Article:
Discretion

I have spent much of the last year falling in love with a man who has also fallen in love with me.  The details are not especially interesting except to us, but the pertinent fact that has carried unprecedented weight is our decision to keep our relationship extremely private, even among our considerable mutual acquaintance. The experience of seeing a love affair take root and grow outside the usual community support systems has been fascinating. In sidestepping the encouragement and celebrations of most of our friends, we have also sidestepped the assumptions, the judgments and the flights of fancy that often accompany the union of two people, especially when they both have complicated histories.

We live hundreds of miles apart, and we both have busy professional and personal lives that somehow failed to evaporate when we encountered each other for the first time and realized within hours that we had stumbled into something important.  We are able to meet in person only every few weeks, and rely on telephone, Skype and Internet chat to continue the conversation that binds us together. We share our story with a few trusted friends, but for the most part this is a solitary path, enlivened by the precious days we are able to spend together, marked by heartbeats rather than hours.  Our choice to make our romance a private affair has cost us the easy comforts of a public role, of fitting easily into our respective worlds as a couple, a known quantity.  But we are also free to explore and define our relationship any way we like, to create a union based on our unique joys and fears and hopes, and to change it as our spirits move us.  We are untrapped, untrammeled by the expectations of others, which makes our path far easier as we navigate the challenges of loving over distance, time and middle age.

There is a price to be paid for our privacy, and it cuts keenly at times.  We are unable to enjoy the social rewards of new and well-matched love. We burden our few confidants with demands for secrecy, and lay ourselves open to betrayal by confiding at all.  These are choices we made early on, when we realized that trying to craft a romance in the interstices of our complex lives was going to take a level of creativity that requires freedom more than it fears loneliness.  Fortunately the distance between us makes the social cost more tolerable; over 800 miles, there are few opportunities for us to move in the same circles; our time together is too infrequent to allow for much socialization—although the few exceptions shine glorious bright.

I’ve been married four times and have left four husbands; I am piercingly aware of my own failings in the nurturing and empowering of love.  Conducting this experiment outside the public eye has made my journey infinitely easier, helped me to avoid the waves of shame and smallness that engulf me when I think too long about my track record in matters of the heart.  Making our plans and exploring our options outside the public eye has stripped away my accustomed excuses, forcing me to examine what I actually want and confront my fears without room for distraction.  As a result, I have learned to speak the truth in a voice that may quaver, but does not fail.  With an audience of one, I am able to hear and absorb another’s truth, and to offer up my own.  In the sheltered space between us, where we have agreed to seek no other counsel, I must take responsibility for my own fears and weaknesses and move beyond them to where the real conversation begins.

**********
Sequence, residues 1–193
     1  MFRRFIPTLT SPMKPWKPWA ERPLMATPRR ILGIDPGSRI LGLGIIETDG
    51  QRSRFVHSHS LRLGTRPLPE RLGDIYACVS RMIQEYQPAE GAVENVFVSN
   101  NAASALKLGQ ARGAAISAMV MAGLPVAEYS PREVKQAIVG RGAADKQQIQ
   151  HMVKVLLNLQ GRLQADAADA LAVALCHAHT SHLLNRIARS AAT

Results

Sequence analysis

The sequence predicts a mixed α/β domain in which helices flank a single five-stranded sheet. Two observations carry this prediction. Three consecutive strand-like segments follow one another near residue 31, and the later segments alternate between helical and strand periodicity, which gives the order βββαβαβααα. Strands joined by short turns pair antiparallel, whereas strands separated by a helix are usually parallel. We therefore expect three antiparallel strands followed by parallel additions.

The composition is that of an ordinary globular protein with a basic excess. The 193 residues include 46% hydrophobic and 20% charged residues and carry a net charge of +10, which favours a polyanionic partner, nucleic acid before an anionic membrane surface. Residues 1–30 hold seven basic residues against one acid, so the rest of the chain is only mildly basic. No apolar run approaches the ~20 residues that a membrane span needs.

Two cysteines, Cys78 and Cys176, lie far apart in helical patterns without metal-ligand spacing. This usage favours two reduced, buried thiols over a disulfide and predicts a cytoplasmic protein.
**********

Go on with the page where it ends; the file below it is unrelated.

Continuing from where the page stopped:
In the dance of new love, there are a million ways to misplace attention.  Taking the blossoming affair out of reach of almost everyone but the lovers themselves minimizes those distractions and allows the exploration to be inward rather than outward.  Loving without the protections of a whole community means cracking myself open and looking deep within myself for the strength I need and the understanding that fuels growth.  Because I am solely responsible for what I bring to this affair, I must be careful with my thoughts and my feelings, learn to distinguish between them and to determine which is most true and most necessary to express.  I must hold up my end of a conversation in which comfort takes second place to truth, in which listening trumps speaking every time.  I must find and maintain a level of self-awareness that is equal to the task of truthtelling, while being at the same time open to hearing the truth of another.  It is a test of everything I know and believe in about being a person; it is love writ large by being writ in private.

One thing that is blissfully absent from a love affair conducted without fanfare is the outward pressure to conform to anyone’s expectations.  We are under no obligation to stay up to a given hour, to attend certain kinds of events, to appear at anyone’s behest but our own.  We can give free rein to our childishness, to our delighted laughter and our unhidden tears, and let their power soften and suffuse the realities that we must navigate every day.  There is no one to judge us, no one to question the depth or potency of our connection, no one to gainsay our hopes or limit our dreams.  Because we keep our love apart, we are free to find our own ways to keep its flame alight.  We choose the music to our dance, and we choose the steps to suit ourselves.  In this world where love is rare and fear is great, I have found a way to keep my step steady and my heart light.  After a lifetime of mistakes, I am able to explore love in steps small enough to keep my balance.  I can hold my choices gently and approach them in peace; I can love my lover and love myself in one breath and have that be enough.  In this world where public and private blur so easily, I have found a refuge from which to watch love unfold.  I am content.

©Mary Braden 2015

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